XM eDrum interview with George Weis, Melbourne drumming teacher, about his experience playing an XM eDrum kit


1. XM: Hi George, as a drumming teacher I expect you’ve played electronic drum kits before?
George Weis: Yes, I own a Roland TD-4 kit.
2. XM: Today you played the XM Classy Series C-Plus-9SR eDrum kit. How did you think it compared with your Roland kit in terms of look, feel and sound?

George Weis: Put simply, it went above and beyond on all fronts. First of all, it looks very cool; I like the realistic looking drum shells. Secondly, I could really hear the accents when I was playing, which I’ve never experienced before on a digital kit. I also like the drumhead skin’s feedback, and am very impressed by the rim-shot functionality.

3. XM: What do you think about this kit’s sensitivity? The sound of your hits also alters depending on how hard you hit the skin.

George Weis: I’d like to play around more with the trigger’s tone settings, as I like the idea of changing sound when you hit softly or hard, as opposed to just the usual change in volume.

4. XM: You can adjust the tuning of your cymbals and drums. Would you use this function?

George Weis: The module has a MIDI Out jack, so I could see changing keys as being a very good option when making recordings. I also saw a line out port, which I’d use to go DI into live PA systems.

5. XM: This Classy Series eDrum kit comes with 8 built-in drum kit sounds you can mix and match for each drum’s triggers. How was your experience with these?

George Weis: They were cool. I quickly stumbled upon different sounds like cowbells and D.J. scratches. The ‘Effect’ kit sounded great for Drum and Bass techno drumming.

6. XM: This kit can work together with programs like Easy Drummer, Pro Tools and Ableton, via a USB and laptop. Your thoughts?

George Weis: This would be great for bedroom recordings, both pre and post-production.

7. XM: You can download WAVE files of any sound you like, and download more drum sounds online via the special XM driver file for samples. What could you see you or your students doing with these?

George Weis: It would help practicing in general, especially as you could use your own favourite sounds. I’d also love to record different fun kits to play on. The feel and sensitivity are very good, so students could truly learn about drumming. I usually tell kids not to learn on rubber pad eDrum kits, as they’d miss out on many subtleties within drumming. Here they wouldn’t miss out on anything.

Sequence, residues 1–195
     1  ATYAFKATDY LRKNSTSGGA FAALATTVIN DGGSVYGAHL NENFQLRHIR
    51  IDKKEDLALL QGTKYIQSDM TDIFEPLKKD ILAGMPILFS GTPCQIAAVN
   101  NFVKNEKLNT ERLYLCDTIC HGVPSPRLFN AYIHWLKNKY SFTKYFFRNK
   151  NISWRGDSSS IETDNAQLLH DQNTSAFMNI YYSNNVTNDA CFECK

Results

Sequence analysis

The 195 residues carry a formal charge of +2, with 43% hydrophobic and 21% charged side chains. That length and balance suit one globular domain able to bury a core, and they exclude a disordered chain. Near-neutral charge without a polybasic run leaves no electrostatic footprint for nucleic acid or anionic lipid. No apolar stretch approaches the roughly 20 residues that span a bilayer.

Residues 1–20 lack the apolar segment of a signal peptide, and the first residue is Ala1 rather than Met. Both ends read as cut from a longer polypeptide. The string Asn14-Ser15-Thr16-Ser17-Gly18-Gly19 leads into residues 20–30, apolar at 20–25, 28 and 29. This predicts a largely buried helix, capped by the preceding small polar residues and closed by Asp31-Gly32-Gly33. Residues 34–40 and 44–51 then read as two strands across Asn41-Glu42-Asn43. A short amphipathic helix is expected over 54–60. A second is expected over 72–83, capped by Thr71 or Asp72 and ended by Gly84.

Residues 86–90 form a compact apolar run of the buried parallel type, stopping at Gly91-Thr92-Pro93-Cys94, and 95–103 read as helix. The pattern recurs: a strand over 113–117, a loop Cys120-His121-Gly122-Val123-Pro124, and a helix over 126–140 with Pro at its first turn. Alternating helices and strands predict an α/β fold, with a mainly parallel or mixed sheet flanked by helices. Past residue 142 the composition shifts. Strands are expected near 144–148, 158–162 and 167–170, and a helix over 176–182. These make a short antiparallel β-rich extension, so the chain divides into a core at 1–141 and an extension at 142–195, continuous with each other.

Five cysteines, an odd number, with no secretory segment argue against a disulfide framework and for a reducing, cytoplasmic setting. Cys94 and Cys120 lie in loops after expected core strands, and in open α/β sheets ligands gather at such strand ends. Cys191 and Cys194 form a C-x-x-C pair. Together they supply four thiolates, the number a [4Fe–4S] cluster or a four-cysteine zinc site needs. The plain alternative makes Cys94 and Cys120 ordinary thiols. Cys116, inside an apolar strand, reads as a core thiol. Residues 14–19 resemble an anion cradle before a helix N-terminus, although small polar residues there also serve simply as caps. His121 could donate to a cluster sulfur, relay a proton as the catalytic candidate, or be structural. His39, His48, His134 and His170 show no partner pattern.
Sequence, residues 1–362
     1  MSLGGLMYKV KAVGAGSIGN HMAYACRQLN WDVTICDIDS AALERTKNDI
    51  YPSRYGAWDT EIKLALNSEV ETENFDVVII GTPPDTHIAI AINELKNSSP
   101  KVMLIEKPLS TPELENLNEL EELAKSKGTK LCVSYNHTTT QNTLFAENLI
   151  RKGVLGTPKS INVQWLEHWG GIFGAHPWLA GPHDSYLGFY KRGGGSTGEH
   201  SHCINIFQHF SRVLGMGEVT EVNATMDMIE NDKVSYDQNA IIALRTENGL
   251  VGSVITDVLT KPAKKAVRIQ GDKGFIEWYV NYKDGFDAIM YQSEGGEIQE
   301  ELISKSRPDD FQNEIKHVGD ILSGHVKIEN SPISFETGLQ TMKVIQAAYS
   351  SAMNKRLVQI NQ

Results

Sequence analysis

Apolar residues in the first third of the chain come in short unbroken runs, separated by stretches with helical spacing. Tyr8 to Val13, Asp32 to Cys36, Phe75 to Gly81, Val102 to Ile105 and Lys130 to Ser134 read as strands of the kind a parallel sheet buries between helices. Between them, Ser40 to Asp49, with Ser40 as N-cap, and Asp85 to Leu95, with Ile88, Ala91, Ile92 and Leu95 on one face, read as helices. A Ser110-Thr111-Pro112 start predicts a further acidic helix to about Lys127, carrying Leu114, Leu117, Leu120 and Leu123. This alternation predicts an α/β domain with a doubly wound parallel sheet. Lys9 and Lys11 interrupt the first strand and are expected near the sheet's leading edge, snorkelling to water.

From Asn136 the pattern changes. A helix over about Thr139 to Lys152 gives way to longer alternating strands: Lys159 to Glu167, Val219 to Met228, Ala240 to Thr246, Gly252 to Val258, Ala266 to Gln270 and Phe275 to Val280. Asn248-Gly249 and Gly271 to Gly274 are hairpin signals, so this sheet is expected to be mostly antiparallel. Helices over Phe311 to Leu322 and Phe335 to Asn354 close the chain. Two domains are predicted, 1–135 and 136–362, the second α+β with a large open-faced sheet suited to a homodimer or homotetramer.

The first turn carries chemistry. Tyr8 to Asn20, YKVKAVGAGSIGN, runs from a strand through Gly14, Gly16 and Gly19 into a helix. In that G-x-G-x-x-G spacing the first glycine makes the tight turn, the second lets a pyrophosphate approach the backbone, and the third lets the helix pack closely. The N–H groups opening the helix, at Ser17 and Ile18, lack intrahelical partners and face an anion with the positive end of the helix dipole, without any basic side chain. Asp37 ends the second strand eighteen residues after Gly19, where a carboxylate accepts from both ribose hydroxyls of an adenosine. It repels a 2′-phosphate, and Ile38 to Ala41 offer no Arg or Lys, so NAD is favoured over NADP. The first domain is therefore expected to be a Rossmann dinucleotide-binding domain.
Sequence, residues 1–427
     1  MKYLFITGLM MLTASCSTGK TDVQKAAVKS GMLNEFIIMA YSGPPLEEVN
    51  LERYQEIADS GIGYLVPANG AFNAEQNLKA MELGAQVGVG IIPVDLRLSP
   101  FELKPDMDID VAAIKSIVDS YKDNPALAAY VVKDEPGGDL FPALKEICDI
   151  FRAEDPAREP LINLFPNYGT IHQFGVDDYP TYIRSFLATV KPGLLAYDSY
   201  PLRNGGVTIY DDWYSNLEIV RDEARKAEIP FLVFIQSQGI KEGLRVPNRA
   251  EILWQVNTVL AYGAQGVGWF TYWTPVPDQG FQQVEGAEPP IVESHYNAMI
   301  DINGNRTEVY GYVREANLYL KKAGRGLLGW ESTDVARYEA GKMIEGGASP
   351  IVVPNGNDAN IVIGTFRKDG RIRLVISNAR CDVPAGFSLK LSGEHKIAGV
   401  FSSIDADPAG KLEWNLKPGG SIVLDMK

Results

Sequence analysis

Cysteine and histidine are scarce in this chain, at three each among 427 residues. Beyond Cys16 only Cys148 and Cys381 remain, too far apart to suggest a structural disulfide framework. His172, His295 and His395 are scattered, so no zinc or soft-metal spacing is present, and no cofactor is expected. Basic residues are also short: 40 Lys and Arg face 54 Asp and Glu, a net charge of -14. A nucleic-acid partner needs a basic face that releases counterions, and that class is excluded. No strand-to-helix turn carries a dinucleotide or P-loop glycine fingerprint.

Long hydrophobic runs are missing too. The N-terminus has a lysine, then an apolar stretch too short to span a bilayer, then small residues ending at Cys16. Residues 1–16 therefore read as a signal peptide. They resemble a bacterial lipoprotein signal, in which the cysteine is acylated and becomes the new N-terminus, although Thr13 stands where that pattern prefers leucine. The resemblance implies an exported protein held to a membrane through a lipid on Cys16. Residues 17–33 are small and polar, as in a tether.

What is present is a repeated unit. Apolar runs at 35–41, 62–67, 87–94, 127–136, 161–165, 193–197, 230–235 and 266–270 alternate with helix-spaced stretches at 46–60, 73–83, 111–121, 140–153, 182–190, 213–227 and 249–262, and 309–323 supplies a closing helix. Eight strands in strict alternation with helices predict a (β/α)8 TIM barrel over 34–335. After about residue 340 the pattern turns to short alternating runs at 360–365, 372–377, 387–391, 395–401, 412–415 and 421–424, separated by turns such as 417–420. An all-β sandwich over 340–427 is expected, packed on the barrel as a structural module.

George Weis, Melbourne drumming teacher, interview about playing an XM eDrum kit

George Weis, Melbourne drumming teacher, playing an XM Classy Series C-Plus-9SR eDrum kit

8. XM: Each drum has 3 triggered sounds: Hoop, drumhead and rim shot. Many eDrums on the market only have 1. You can program each of these triggers individually. What would you do with this functionality?

George Weis: I think this would be great for live performances. I’d have an extra digital drum with 3 sounds integrated into the rest of my acoustic kit. I might even get one of those XM Evolution eDrum Skins so I could use the drum both acoustically and electronically.

9. XM: Each cymbal has 4 triggered sounds: bell, surface, edge and choke. You can program them individually. How would you use them?

George Weis: I’d use them as I would normal cymbals. However, I could also imagine boosting the volume on one of the cymbal’s triggers (and turn the other two down) to simplify things if there was a song where I only needed a single sound from that cymbal.

10. XM: You can plug your MP3 player into the module via a CD-input (phone-in, phone-out jacks). Would you use this to play along with your favourite tunes? You don’t even need a laptop.

George Weis: Definitely! Playing along to popular songs you like is a great way for drumming students to learn.

11. XM: How do the drums actually feel?

George Weis: As I said previously, the response when you hit the drumhead is very nice. I need to learn how to program the sensitivity levels. Both drum speed and touch felt very natural. I also think it would be easy to program some drum skins (or drum kits) to sound ‘dead’.

12. XM: What do you think of the hi-hats? It is very difficult to replicate real metal cymbals. The XM hi-hats offer Surface, Bell and Choke sounds, as well as 4 adjustable positions. You can also do foot splashes.

George Weis: I like the hi-hats a lot. I just need to learn about how to adjust the sensitivity. The foot action is great.

13. XM: What did you think of the loudness and clarity of the foldback speaker?